Proposal to Enhance Safety for Teen Drivers Passes House


Legislation to improve training, seatbelt law on way to governor’s desk

Harrisburg, PA – Legislation that seeks to improve highway safety by enhancing the state’s Graduated Driver’s License (GDL) law is on its way to the governor, said Reps. Mario M. Scavello (R-Monroe), Mike Peifer (R-Monroe/Pike/Wayne) and Rosemary M. Brown (R-Monroe/Pike), who all voted in favor of the bill.

House Bill 9, which passed the House on last Wednesday by a vote of 188-6, addresses many of the reasons why vehicle crashes are the No. 1 cause of death for teenagers. Earlier this year, PennDOT announced that in 2010, fatalities in crashes involving a 16- or 17-year-old driver increased 43 percent.

“One of the major reasons why teen drivers are at such a high risk for a serious or deadly crash is the prevalence of distractions,” Scavello said. “This bill aims to increase behind-the-wheel training and reduce the distractions caused by young passengers. I am pleased it is now on its way to the governor so that it can help make our roads and highways safer for everyone who travels them.”

Specifically, House Bill 9:

  • Limits the number of passengers to one under age 18 for the first six months after a junior driver is licensed.  Exceptions would exist for family members and if a parent or guardian is in the vehicle. After the first six months, the legislation restricts the number of passengers to three non-family members under age 18 if the driver has driven without incident, unless family or with a parent or guardian.
  • Increases behind-the-wheel training for permit holders from 50 to 65 hours, of which 10 of those hours must be logged after dark and five logged during inclement weather.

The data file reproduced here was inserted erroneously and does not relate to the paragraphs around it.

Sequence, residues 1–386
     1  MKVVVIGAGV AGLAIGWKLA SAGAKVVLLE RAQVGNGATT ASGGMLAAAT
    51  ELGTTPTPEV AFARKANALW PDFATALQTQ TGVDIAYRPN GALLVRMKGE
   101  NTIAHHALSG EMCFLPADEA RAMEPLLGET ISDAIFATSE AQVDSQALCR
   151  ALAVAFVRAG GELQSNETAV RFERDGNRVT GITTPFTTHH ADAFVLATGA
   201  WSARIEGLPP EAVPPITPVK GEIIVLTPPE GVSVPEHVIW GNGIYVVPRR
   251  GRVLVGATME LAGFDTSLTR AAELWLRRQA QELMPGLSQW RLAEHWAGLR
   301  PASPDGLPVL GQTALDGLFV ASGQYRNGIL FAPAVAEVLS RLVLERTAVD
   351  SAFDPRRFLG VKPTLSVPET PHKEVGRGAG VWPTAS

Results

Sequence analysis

• Makes the seat belt and child safety seat laws a primary offense for everyone under age 18 in a vehicle, including the junior driver.

The bill also notes that if the junior driver has been involved in a reportable incident for which it is determined the junior driver is partially or fully responsible, the driver would be limited to a single, non-family teen passenger.

“Also important to teen drivers and their passengers is the need to make sure they are buckled up,” Brown said. “Statistics show that more than half of teen driver and passenger deaths are the direct result of the failure to buckle up, and this legislation will help give law enforcement the tool they need to enforce the seatbelt law.”

In a statewide poll conducted earlier this year, residents in the northeastern corner of the state responded favorably to a teen passenger restriction law. The survey indicated that 78 percent of residents polled believe that restrictions of passengers in a vehicle driven by a holder of a junior driver’s license will help highway safety.

“Parents have told us that this type of legislation is needed to improve our state’s teen driving law, and numerous studies and transportation experts back up that claim,” Peifer said. “By increasing the number of hours a teen must log before getting his or her license and ensuring some of that training includes nighttime and inclement weather, we are helping teen drivers encounter situations they will face while on the roads.”

The governor has 10 days in which to sign House Bill 9 into law.